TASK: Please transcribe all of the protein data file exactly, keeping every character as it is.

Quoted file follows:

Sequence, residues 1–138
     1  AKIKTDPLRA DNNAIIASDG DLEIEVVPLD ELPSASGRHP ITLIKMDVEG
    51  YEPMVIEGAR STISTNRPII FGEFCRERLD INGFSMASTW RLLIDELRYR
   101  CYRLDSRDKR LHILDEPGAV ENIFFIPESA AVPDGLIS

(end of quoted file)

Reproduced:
Sequence, residues 1–138
     1  AKIKTDPLRA DNNAIIASDG DLEIEVVPLD ELPSASGRHP ITLIKMDVEG
    51  YEPMVIEGAR STISTNRPII FGEFCRERLD INGFSMASTW RLLIDELRYR
   101  CYRLDSRDKR LHILDEPGAV ENIFFIPESA AVPDGLIS